The journey of the prime ministers of Poland, Czechia and Slovenia to Kyiv on Tuesday, a city which is currently being shelled by Russia, is perceived in the West as an expression of courage.
The commentators and politicians who are commenting on the matter are missing one crucial detail, however; all four of the leaders who took part in this dangerous journey had been engaged in anti-communist opposition during the communist era.
Much is known in Poland about Jarosław Kaczyński’s activity in the Workers’ Defense Committee (KOR) and Solidarity trade union, and Mateusz Morawiecki’s involvement in the Fighting Solidarity underground organization. Yet, fewer people know about the pasts of the other two politicians who traveled to Kyiv.
Janez Janša, after being fascinated by Marxism in his youth, abandoned communism and in the 1980s became a dissident in Yugoslavia. He was arrested in May 1988 along with three other people and sentenced to one and a half years in prison for betraying military secrets. His arrest and trial sparked a series of protests which went down in history under the name “Slovenian Spring.”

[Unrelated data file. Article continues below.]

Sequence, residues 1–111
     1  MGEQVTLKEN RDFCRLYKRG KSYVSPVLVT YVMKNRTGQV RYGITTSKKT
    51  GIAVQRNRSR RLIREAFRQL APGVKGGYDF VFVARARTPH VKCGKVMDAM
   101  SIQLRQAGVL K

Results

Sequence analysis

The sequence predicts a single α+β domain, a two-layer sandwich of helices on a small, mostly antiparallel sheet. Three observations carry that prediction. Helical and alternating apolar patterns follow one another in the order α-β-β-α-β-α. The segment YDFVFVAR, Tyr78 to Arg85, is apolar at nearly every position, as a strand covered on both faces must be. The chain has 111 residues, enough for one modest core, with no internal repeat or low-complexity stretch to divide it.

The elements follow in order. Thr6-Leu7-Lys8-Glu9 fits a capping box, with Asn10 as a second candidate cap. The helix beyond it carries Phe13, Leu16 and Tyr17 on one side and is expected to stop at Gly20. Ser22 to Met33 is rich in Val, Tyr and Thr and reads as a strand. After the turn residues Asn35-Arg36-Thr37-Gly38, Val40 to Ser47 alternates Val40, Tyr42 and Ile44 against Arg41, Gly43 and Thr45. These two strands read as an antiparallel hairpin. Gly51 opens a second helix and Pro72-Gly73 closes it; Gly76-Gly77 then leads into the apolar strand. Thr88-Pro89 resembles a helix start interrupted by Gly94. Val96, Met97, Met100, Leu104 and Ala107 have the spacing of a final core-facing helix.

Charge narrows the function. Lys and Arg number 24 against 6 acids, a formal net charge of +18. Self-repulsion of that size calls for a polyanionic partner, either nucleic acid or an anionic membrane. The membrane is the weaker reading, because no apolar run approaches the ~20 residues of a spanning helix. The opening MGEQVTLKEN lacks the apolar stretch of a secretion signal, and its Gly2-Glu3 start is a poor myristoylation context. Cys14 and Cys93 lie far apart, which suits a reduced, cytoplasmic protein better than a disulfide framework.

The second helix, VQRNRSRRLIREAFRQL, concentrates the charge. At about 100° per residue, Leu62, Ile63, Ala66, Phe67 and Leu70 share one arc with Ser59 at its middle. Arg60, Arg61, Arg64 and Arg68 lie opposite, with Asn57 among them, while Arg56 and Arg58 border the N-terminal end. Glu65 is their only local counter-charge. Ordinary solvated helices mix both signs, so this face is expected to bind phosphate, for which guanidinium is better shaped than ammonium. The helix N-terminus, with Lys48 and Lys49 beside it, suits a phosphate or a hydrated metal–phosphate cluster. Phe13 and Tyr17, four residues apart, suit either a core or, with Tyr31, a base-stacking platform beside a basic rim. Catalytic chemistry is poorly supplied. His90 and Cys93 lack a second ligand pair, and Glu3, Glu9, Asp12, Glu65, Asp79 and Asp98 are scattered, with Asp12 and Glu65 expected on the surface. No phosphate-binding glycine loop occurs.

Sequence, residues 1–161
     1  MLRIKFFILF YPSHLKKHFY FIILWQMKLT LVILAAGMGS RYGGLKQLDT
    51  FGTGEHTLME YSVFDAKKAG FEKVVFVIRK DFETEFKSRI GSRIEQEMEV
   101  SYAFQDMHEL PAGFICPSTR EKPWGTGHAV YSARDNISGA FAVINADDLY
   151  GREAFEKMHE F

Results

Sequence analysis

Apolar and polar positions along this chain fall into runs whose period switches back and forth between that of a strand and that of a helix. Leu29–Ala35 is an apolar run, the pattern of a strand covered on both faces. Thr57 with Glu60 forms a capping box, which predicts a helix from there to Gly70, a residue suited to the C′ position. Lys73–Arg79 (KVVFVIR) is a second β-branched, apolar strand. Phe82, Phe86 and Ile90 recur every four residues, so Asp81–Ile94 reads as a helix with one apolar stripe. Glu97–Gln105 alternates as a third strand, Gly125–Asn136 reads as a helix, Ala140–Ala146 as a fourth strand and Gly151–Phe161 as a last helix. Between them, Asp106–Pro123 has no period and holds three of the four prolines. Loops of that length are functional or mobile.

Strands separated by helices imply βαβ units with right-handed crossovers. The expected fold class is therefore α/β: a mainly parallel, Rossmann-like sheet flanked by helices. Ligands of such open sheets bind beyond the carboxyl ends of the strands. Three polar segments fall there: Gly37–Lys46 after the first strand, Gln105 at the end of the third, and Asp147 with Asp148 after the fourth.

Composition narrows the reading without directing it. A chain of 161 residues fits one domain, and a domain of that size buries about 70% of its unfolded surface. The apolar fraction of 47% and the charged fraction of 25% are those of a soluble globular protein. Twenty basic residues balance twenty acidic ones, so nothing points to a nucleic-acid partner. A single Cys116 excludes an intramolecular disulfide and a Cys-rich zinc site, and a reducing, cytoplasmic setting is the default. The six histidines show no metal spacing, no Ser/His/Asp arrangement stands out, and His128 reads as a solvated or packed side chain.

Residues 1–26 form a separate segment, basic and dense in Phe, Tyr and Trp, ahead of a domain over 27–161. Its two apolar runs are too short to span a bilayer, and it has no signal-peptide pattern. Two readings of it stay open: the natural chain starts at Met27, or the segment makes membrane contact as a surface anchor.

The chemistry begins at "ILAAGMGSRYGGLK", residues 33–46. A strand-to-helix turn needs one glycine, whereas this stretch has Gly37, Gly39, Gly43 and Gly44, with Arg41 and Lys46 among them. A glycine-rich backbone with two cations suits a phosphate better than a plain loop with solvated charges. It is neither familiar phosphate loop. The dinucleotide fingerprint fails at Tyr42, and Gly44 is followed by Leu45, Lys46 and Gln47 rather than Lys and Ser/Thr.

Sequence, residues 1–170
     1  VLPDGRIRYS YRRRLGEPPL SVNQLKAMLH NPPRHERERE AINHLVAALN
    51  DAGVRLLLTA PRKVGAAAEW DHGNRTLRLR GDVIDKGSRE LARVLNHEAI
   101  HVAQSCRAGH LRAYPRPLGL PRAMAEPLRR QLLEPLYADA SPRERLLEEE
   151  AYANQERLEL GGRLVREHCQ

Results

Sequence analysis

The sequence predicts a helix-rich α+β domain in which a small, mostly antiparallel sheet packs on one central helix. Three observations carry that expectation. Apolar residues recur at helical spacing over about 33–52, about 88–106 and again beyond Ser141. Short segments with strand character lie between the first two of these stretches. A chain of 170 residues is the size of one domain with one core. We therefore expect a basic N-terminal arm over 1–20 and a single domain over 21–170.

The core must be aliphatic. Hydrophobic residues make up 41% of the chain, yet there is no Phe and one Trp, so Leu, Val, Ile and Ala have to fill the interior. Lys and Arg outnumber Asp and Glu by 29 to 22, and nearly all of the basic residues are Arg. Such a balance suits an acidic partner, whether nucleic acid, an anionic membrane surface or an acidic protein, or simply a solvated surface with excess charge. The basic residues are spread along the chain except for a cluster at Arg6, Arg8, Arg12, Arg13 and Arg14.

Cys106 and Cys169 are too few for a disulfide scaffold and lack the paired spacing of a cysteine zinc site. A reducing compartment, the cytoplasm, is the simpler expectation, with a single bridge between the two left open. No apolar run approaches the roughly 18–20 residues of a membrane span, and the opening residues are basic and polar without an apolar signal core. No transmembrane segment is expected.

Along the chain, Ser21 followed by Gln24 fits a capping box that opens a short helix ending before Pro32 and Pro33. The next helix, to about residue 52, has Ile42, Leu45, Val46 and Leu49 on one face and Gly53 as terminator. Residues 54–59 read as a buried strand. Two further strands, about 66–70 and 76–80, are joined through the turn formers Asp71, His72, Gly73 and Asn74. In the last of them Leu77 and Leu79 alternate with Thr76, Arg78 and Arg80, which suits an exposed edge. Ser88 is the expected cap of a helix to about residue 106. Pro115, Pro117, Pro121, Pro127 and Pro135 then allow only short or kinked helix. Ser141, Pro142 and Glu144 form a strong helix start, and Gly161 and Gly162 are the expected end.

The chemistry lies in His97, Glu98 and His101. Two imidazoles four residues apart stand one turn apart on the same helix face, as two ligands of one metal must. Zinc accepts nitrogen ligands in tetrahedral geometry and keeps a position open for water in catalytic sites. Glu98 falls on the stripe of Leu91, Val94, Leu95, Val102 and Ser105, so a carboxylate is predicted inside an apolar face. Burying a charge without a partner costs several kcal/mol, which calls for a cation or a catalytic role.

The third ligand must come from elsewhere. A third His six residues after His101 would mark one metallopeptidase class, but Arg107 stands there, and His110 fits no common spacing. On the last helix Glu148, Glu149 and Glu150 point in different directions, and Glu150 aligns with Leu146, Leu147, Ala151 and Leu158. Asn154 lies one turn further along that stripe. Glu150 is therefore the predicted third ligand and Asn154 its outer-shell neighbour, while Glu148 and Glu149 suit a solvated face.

After being discharged, he became the first minister of defense in the first government following the partially democratic elections in 1990. It was Janša who led the Slovenian army in its victorious 10-day war against Serbia.
Petr Fiala, on the other hand, worked in opposition education organizations in the 1980s. In particular, he operated within the illegal circle focused around bishop Stanislav Kratka of the Catacomb Church. Fiala had also founded and published the underground “Revue 88” magazine.
All four of these politicians engaged in opposition activity during times in which doing so required true courage. They fought against a system on whose side KGB officer Vladimir Putin was on. During that period, the majority of Western politicians had accepted the existence of the Iron Curtain and Central Europe’s inclusion in the Soviet sphere of influence.
The symbol of this approach were the words of West German Chancellor Helmut Schmidt, who had called the introduction of martial law in Poland in 1981 a “necessity.” Well, it seems that had been the “historic necessity” which only “improper romantics” had rebelled against.
Over the last several years, some Western politicians have also wanted Ukraine to be a part of Russia’s sphere of influence. The construction of Nord Stream 2 served to tighten Moscow’s grip over Kyiv.
Yet, Ukrainians themselves opposed being pushed into Russia’s arms, and they are bravely defending their homeland.
Today, they have Central Europe’s improper romantics on their side who, through their activity, have proven that there is no such thing as merciless historical determinism.